Twelve chemical parks account for 14 per cent of industry’s CO2 emissions

A recent study conducted by the Öko-Institut on behalf of WWF Germany reveals that the twelve most CO2-intensive chemical parks in Germany together are responsible for around three per cent of national greenhouse gas emissions. In 2022, the total emissions of these sites amounted to around 23 million tonnes of CO2.

The list is headed by the BASF Chemical Park in Ludwigshafen with 5.9 million tonnes, followed by Ineos/Currenta in Cologne with 3.6 million tonnes and Basell in Wesseling and Evonik in Marl with 2.1 million tonnes of CO2 each. Viviane Raddatz, Head of Climate Protection at WWF Germany, emphasises the decisive role of the chemical industry in the German energy transition and sees considerable potential for a more sustainable energy supply in the industry through solar energy and wind power, particularly in combined heat and power plants. The study emphasises the need to drive forward the expansion of renewable energies in order to cover the chemical industry’s growing demand for electricity through electrification and the production of green hydrogen.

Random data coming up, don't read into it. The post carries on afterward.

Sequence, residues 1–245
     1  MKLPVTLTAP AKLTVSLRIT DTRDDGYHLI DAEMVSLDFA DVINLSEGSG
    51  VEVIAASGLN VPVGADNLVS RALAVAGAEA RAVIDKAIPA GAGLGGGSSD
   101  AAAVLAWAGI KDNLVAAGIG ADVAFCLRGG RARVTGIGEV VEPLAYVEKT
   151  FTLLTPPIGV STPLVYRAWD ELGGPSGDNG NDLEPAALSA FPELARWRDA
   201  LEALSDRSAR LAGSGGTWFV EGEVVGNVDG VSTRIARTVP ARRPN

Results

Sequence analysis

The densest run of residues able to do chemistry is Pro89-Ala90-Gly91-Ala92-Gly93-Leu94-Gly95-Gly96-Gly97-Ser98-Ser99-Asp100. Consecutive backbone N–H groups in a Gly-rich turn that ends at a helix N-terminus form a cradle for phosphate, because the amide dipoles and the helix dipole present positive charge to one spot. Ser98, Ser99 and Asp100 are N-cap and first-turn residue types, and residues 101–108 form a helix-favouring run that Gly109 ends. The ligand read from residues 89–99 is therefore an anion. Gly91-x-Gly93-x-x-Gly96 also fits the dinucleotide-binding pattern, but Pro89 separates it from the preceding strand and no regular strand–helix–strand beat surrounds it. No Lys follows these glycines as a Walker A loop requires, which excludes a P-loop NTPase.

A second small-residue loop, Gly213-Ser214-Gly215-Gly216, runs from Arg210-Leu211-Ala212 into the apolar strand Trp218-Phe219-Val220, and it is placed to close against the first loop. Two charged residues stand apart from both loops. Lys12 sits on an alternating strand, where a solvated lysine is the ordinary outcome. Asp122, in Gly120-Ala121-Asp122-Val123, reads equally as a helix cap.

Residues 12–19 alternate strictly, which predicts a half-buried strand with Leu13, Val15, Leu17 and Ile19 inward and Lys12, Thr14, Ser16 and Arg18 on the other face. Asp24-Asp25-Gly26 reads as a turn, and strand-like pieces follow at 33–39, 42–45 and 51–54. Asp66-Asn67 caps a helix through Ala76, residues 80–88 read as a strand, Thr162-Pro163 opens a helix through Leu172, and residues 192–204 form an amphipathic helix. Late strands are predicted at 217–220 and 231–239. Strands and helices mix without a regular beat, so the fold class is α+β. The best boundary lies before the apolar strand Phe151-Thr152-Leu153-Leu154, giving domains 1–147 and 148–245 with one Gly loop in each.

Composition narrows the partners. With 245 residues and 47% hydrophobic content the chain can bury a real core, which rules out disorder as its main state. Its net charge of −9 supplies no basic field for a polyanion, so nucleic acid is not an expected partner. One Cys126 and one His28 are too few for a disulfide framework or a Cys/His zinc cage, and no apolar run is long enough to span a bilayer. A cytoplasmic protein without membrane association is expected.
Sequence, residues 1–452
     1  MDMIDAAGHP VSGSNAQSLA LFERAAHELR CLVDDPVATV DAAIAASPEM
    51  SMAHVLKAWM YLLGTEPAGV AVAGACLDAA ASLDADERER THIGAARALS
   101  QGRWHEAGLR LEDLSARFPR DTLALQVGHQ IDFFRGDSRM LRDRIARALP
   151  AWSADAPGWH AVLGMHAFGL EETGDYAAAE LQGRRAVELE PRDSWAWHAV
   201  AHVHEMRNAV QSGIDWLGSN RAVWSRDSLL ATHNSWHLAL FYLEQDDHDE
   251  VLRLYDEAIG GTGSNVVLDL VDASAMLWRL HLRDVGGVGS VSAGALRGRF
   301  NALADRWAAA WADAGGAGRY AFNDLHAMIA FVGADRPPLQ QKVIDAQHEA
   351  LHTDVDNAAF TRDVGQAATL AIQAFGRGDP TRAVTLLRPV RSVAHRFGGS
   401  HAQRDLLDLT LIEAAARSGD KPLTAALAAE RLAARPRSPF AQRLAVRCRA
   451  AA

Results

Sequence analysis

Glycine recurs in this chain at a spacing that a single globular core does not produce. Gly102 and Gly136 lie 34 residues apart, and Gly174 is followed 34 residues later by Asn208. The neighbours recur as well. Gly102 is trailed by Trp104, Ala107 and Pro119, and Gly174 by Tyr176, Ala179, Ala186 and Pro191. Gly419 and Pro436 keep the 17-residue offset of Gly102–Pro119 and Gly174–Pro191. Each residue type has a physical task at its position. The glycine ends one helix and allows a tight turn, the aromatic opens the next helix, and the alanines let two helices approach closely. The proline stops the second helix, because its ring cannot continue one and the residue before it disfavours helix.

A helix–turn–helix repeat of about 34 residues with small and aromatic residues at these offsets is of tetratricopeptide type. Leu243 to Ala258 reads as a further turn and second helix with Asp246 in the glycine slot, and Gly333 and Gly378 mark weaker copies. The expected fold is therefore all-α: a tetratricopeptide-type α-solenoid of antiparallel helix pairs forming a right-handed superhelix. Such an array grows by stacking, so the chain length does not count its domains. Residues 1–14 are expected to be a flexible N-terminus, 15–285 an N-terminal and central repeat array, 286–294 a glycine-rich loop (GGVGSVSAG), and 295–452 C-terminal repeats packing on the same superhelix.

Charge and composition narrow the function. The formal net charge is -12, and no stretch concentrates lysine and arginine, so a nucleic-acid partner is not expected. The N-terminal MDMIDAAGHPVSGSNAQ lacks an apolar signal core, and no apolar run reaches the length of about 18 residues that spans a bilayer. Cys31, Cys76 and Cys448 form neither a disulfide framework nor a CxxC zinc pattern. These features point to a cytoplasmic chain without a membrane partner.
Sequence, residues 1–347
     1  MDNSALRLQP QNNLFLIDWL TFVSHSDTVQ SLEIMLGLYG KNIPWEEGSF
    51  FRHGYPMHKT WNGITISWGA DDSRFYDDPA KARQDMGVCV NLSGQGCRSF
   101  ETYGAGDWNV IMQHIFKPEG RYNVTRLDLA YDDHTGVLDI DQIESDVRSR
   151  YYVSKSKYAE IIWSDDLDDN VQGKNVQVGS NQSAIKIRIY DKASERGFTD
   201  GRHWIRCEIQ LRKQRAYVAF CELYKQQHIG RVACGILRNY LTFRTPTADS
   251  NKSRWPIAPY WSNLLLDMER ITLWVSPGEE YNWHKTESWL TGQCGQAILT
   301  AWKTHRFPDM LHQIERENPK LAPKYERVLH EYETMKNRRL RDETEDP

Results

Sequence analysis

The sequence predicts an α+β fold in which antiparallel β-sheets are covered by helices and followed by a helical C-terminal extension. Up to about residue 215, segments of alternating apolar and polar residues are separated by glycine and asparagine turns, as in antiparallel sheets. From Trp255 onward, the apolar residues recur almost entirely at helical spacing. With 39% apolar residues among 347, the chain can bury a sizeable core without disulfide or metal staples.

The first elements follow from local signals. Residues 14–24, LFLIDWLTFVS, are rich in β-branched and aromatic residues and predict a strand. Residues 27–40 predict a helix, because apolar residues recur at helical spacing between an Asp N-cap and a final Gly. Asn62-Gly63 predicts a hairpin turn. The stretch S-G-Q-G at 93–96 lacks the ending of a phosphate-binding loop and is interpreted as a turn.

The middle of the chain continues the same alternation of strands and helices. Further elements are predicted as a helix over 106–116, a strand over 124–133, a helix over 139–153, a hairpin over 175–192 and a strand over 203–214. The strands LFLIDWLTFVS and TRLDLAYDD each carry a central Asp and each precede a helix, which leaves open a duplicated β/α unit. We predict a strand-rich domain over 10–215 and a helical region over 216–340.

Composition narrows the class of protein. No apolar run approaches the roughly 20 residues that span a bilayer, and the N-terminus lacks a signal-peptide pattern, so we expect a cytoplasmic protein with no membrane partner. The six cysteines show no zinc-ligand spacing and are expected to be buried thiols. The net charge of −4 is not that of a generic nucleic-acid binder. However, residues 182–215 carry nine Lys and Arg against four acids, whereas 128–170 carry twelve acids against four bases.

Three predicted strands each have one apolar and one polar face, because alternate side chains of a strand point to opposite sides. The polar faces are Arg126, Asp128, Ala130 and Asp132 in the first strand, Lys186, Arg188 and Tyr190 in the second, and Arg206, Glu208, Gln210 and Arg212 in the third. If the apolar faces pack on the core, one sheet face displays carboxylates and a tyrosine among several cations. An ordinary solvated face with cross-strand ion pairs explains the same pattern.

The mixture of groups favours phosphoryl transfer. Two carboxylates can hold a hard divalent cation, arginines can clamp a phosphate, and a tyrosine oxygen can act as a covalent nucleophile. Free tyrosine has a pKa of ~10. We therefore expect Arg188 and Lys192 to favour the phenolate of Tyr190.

According to the analysis, 40 per cent of emissions come from the chemical parks‘ power plants, followed by steam crackers with 24 per cent and ammonia plants with 14 per cent. Raddatz also emphasises the importance of direct supply contracts for renewable energies, more flexible electricity use and a stronger focus on the principles of the circular economy for the chemical industry in order to reduce resource consumption and increase efficiency. She calls for binding resource targets and a resource tax in order to adequately internalise environmental costs.